Response rate was 86% in the cHD-Clb-R and 88% in the iClb-R group; 20 out of 36 and 16 out of 32 obtained hCR at time of end of treatment evaluation in each group respectively. After a median follow-up of survivors of 30 months 25 patients in the cHD-Clb-R group are alive, 17 of them without new treatment and 11 without progression. In the iClb-R group 28 patients are alive, 17 of them without new treatment patients and 17 without progression. There was no significant difference in efficacy between these two groups (cHD-Clb-R vs. iClb-R) regardless of the treatment schedule in all measured outcomes: OS at 30 months was 70% vs. 83%, PFS 49% vs. 55% and TTNT 67% vs. 75% respectively (Figure 1). Unfavorable prognostic factors were advanced stage (Binet C, Rai 3-4), presence of del 17p, high beta-2 microglobulin levels and age (data not shown).

3.3 Toxicities

The toxicity profile was relatively favorable. Most common adverse events (AE) were nausea and a mild skin rash, observed in 50% of patients. Gastrointestinal toxicity manifested by vomiting and nausea was more common in patients receiving intermittent Clb. Hematologic toxicity was similar in both groups. Severe granulocytopenia (grade 3 or 4) occurred in 14 patients while infections were observed in 7 patients. Most frequent infectious complications were upper respiratory tract infections and pneumonia, while one patient in the iClb-R group died of invasive pulmonary mycosis. One additional patient stopped treatment due to hepatotoxicity. Allergic reactions, mainly cutaneous, were seen in six patients, while one patient developed a serious infusion reaction related to rituximab administration.





Age (median / range)





11 female

13 female

24 female

25 male

19 male

44 male

Advanced stage (Binet C / Rai 3-4)

7 (19%)

10 (31%)

17 (25%)

Del (17p)

2 (6%)

3 (9%)

5 (7%)

Table 1: Patients' characteristics.


Figure 1: cHD-Clb-R vs. iClb-R overall survival (OS), progression-free survival (PFS) and survival without next treatment (TTNT) at 30 mo. 70% vs. 83%, 49% vs. 55% and 67% vs. 75% .

4. Discussion

Chlorambucil has been given in a variety of doses and schedules for the treatment of elderly patients with CLL and comorbidities. Jaksic and Brugiatelli first described the high-dose continuous chlorambucil regimen in 1988 and demonstrated the practicability of dose escalation of chlorambucil in treatment of CLL patients [17]. Studies have shown higher ORR for high-dose chlorambucil versus low-dose (ORR: 420 mg per 28-day cycle, 90% v 70 mg/m2 per 28-day cycle, 72%) [18, 19]. Although high-dose therapy is more effective and associated with better response, it comes at the expense of increased myelosuppression and incidence of infections, particularly in older and more fragile patients. Regardless, one of the advantages of chlorambucil is a well-established toxicity profile with good tolerance, even in this patient population. Another benefit is its low cost. One of the primary disadvantages of chlorambucil therapy is a low CR rate, even in treatment-naive patients. A pivotal phase 3 trial by the GCLLSG demonstrated that the addition of rituximab to chlorambucil in elderly patients with CLL prolongs PFS (16 months vs. 11 months) and doubles the overall response rate, without increasing the rates of infection [14]. Results from CLL11 study also confirm that the addition of anti-CD20 monoclonal antibody to Clb in this population of patients results in substantial TTNT and OS benefit compared with Clb alone [11-13].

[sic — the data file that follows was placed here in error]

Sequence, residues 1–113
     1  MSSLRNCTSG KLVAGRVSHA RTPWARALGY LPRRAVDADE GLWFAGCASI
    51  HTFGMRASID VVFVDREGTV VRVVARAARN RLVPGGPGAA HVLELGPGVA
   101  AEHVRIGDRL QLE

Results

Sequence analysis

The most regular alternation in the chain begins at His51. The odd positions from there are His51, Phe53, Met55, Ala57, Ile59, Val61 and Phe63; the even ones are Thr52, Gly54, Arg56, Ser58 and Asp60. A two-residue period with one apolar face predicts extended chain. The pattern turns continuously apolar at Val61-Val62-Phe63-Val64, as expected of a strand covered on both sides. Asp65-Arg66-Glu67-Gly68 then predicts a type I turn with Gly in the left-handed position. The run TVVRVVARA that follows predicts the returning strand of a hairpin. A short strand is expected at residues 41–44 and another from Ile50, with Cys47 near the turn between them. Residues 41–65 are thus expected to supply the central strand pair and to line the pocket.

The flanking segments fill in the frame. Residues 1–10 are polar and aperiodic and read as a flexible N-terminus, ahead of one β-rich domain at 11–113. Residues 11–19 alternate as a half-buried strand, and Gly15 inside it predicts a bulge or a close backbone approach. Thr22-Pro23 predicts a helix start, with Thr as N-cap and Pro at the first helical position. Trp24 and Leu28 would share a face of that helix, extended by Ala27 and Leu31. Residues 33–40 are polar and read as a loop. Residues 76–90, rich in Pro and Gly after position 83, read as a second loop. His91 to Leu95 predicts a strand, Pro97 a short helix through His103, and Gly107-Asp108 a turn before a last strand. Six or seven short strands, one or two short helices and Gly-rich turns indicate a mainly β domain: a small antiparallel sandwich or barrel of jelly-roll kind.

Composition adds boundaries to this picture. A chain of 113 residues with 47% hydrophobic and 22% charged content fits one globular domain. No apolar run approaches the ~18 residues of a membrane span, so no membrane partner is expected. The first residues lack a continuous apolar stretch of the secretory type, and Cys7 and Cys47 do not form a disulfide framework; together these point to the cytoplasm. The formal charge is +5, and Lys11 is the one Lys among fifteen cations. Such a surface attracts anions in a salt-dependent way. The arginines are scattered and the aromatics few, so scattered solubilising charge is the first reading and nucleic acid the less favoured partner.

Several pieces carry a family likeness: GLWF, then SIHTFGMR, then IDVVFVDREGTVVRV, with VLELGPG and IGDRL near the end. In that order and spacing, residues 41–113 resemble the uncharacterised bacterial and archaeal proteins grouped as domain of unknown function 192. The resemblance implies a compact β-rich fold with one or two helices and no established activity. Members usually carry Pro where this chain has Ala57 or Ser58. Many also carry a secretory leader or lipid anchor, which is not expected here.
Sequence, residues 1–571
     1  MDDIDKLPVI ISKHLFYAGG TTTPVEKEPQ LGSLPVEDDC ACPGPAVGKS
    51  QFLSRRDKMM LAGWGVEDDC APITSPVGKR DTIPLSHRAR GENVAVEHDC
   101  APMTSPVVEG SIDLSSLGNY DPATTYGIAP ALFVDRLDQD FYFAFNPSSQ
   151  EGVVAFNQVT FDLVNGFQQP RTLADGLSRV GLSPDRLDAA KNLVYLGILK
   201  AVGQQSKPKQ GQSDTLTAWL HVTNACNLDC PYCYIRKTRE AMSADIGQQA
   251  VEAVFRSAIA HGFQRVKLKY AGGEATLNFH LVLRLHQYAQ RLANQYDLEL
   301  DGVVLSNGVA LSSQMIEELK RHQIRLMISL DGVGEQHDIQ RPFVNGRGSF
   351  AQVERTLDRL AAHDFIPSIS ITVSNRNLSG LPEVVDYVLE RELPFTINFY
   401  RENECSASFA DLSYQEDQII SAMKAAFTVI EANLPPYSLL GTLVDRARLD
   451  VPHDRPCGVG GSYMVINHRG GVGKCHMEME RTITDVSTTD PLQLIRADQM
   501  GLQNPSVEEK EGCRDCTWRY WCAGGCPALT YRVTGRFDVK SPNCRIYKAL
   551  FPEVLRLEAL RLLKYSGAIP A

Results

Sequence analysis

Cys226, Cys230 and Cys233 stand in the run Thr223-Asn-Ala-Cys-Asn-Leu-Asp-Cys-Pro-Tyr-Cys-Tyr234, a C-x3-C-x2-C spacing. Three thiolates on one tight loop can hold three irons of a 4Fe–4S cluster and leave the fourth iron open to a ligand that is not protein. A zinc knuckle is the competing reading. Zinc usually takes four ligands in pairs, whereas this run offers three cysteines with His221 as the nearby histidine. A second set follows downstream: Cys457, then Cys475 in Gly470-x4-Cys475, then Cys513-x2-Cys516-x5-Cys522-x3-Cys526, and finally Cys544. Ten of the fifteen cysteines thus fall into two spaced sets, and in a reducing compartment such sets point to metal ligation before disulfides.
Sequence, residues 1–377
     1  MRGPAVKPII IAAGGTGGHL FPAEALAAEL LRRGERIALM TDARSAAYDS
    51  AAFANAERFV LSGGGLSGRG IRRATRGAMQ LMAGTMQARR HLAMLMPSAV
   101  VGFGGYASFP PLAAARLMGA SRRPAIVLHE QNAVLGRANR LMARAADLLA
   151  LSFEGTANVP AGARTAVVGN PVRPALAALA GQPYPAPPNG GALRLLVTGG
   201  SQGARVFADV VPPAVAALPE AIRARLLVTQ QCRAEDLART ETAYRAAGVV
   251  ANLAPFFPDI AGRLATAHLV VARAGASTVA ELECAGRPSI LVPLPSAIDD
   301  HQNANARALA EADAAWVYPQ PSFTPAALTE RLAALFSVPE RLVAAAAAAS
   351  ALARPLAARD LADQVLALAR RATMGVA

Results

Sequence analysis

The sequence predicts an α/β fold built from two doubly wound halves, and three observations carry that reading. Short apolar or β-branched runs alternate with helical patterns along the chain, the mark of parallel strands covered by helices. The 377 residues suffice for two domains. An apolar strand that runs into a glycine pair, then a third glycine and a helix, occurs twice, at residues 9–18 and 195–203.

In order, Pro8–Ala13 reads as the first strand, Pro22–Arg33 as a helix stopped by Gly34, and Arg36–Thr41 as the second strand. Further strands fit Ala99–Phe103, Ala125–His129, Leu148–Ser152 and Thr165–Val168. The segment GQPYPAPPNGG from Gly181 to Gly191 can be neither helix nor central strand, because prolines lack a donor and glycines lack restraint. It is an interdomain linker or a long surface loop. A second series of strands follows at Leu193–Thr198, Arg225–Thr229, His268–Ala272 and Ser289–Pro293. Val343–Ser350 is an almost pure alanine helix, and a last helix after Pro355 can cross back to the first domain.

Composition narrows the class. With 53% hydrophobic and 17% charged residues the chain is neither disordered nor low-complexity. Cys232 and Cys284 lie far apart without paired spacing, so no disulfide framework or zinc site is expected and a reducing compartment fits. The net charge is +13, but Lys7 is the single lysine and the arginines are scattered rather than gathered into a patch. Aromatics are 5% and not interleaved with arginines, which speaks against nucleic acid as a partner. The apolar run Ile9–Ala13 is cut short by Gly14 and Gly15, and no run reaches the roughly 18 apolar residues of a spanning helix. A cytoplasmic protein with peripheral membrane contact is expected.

Our results seem superior to the German CLL Study Group CLL11 study (ORR 87% vrs 65.9%, PFS 30 vrs 15.7 mo) and similar to the British NCRI study (ORR 84%, PFS 23.5 mo). This is most probably due to the low dose of chlorambucil used in the CLL11 study (0.5 mg/kg body weight p.o., day 1 and 15 in 6 cycles) [13-14]. For reimbursement reasons, we were unable to use the standard rituximab CLL schedule of 500 mg/m2 in cycles 2-6 but administered 8 instead of 6 cycles. Therefore our patients received a slightly higher total dose of rituximab (3000 mg/m2 vs. 2875 mg/m2). It seems that this change in schedule did not affect outcomes adversely. Frontline treatment for CLL has evolved in the last few years with rapid approvals of several novel targeted agents. Even though latest clinical trial results have established ibrutinib and venetoclax with or without anti-CD20 antibodies (rituximab, obinutuzumab) as the preferred first –line treatment for most CLL patients we think that our data is nonetheless interesting and shows that chlorambucil continues to be a valid alternative in unfit patients [20]. In conclusion, our study confirms that combinations of rituximab and high-dose chlorambucil are well tolerated and effective treatments for patients ineligible for fludarabine-based regimens. Outcomes seem to be related more to total drug doses than schedules.

Conflicts of Interest

SBK, IA, SOK, VP, IR and OJ have received honoraria and/or research support from Roche.


Presented in part at the16th iwCLL meeting, Sydney, Australia, 2015